An Effectiveness and Safety Study of Chinese Herbal Medicine for Functional Constipation
Chinese Herbal Medicine for Functional Constipation: A Randomized, Double-blind, Placebo Controlled Trial
Functional constipation (FC) is a common complaint in clinical practice, but treatment for this condition in conventional medicine is suboptimal. Complementary and alternative medicines, especially Chinese herbal medicine (CHM) are used frequently by patients, however, there is little research evidence about these commonly used CHM. The purpose of the study is evaluate the efficacy and safety of an ancient CHM formula, MaZiRenWan (MZRW), by comparing with placebo.
Constipation is a common gastrointestinal complaint in clinical practice, which affects in estimated 12%-19% of American, 14% of Asian, and up to 27% of the population depending on demographic factor, sampling, and definition. With the unsatisfactory response to current symptomatic treatments, many patients seek help from traditional Chinese medicine (TCM), mostly by taking Chinese herbal medicine (CHM).
According to the TCM theory, constipation can be broadly divided into two types, excessive and deficient, based on the underlying aetiology. The former is characterized by the presence of Heat or pathological accumulation of Qi. Heat causes constipation by drying the Intestines and the stool. Patients present with hard, dry, pellet like stool, red complexion, dry mouth or halitosis, red tongue with a dry yellow coat, and slippery and rapid pulse. Qi stagnation causes constipation by disrupting the normal movement and descent of Stomach and Intestinal Qi. Patients present difficulty in passing stools, feelings of incomplete evacuation, abdominal distension or pain, frequent belching and flatulence, tongue with thin coat and wiry pulse. The latter, deficient constipation, is delineated as the dryness from insufficient fluid lubrication in the form of blood or lack of propulsion power from the deficiency of Qi or Yang. Besides, the treatment approaches vary from syndrome to syndrome.
The formula of MaZiRenWan (MZRW) composed of six Chinese herbs is firstly recorded in a TCM classic, Discussion of Cold-induced Disorders (Shang Han Lun), and it has been commonly used for constipation in excessive pattern throughout Asia since the Han Dynasty (A.D. 200). By combining the actions of these herbs, MZRW can moisten the Intestines, drain heat, promote the movement of Qi and unblock the bowel. Although previous studies show that MZRW has purgative and laxative effects and may be useful for functional constipation (FC), there are significant methodological weaknesses. Furthermore, the dose of CHM intervention being investigated from the first randomized controlled trial (RCT) published in 1983 is always based on the practitioner's experience, TCM literatures, or experts' comments, but not the results from stringent clinical trials, such as dose determination study. Therefore, the evidence produced will be attenuated or even misleading if improper dose is taken.
In the present study, the efficacy and safety of MZRW in optimal dosage were justified by comparing with placebo under strict clinical trial design.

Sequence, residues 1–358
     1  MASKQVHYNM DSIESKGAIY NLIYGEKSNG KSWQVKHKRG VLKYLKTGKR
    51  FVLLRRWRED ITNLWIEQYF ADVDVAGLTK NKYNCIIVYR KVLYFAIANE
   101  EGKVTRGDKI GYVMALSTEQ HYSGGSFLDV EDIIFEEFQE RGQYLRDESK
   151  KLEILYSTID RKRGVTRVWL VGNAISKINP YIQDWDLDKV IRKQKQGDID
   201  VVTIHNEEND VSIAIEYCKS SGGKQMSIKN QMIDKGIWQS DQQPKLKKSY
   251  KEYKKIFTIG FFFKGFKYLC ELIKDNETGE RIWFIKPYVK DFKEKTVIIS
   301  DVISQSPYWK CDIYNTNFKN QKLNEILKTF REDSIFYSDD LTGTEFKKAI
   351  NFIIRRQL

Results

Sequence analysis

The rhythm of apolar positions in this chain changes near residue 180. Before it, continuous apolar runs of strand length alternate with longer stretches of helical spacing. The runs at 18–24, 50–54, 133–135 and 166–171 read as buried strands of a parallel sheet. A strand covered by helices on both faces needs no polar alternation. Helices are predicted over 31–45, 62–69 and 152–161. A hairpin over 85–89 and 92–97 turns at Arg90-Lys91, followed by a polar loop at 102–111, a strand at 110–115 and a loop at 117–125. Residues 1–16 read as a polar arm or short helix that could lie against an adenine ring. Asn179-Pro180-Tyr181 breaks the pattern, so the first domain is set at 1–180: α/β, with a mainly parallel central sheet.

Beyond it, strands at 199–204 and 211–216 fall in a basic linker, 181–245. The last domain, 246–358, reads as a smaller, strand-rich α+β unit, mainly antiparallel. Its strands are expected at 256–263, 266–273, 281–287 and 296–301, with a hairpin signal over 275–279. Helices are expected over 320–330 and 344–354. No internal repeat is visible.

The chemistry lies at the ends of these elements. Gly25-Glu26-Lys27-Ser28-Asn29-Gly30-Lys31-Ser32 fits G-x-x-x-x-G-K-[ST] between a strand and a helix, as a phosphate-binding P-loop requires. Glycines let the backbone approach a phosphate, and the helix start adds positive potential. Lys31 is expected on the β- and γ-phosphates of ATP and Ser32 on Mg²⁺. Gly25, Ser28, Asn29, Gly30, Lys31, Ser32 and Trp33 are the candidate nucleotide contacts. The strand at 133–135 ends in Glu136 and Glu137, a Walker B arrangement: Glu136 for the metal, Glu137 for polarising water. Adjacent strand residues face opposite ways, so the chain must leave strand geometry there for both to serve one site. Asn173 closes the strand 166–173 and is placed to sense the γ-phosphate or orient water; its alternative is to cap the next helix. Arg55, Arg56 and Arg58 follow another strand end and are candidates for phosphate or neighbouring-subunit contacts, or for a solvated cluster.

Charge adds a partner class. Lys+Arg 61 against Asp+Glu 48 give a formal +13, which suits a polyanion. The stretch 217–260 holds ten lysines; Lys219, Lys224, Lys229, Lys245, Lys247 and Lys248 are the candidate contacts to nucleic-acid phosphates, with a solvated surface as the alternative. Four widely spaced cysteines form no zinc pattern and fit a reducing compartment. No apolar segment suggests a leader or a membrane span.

MZRW granule dissolved in 150ml hot water (oral), 7.5g/sachet, twice daily
Placebo granule dissolved in 150ml hot water (oral), 7.5g/sachet, twice daily
Inclusion Criteria: Meet of Rome III diagnostic criteria of functional constipation Meet the diagnosis of Excessive Constipation according to the TCM theory Age of 18 to 65 years (inclusive) Complete spontaneous bowel movement (CSBM)≦2times/wk Severity of constipation≧4pts (7 pts scale from 0 to 6pts) and the overall scoring of constipation-related symptoms≧8pts (6items in 7pts scale) for self symptom assessment in the run-in period Normal colonic evaluation (colonoscopy or barium enema) within 5 years Normal liver and renal function in blood test within 3 months Exclusion Criteria: Drug-induced constipation Secondary causes of constipation (i.e. medical history of diabetes mellitus and thyroid disease) Abdominal surgery (i.e. Caesarean operation) Severe disease (i.e. cancer and acute present asthma) Allergy to CHM (i.e. G6PD deficiency) Pregnancy or breast-feeding Psychiatric or addictive disorders
|Event Type||Organ System||Event Term||MaZiRenWan (MZRW)||Placebo|
Patients with a mean increase of ≧1 complete spontaneous bowel movement(CSBM)/wk compared with the baseline(wk1-2) will be defined as responders. CSBM referred to the feeling that defecation led to complete passage of stool rather than partial or incomplete evacuation without the use of any laxative or enema within 24 hours.
Participants with a mean increase of complete spontaneous bowel movement (CSBM)>=1 movement per week compared with the last 14 days of the run-in period were defined as responders. CSBM referred to the feeling that defecation led to complete passage of stool rather than partial or incomplete evacuation without the use of any laxative or enema within 24 hours.
It was a 7-point ordinal scale from 0=not at all to 6=very severe.
Participants were asked to rate their impression of change in constipation by comparing with their baseline (Wk2) at the visits during the treatment (Wk6), end of treatment (Wk10) and end of follow-up (Wk18) with scores from 0 to 6 represented markedly worse or better respectively. The response categories were collapsed to simply "improved" for score 4 to 6, "same" for score 3 or "worse" for score 0 to 2.
The success of blinding was evaluated for both investigator and patients as to whether MZRW or placebo had been taken.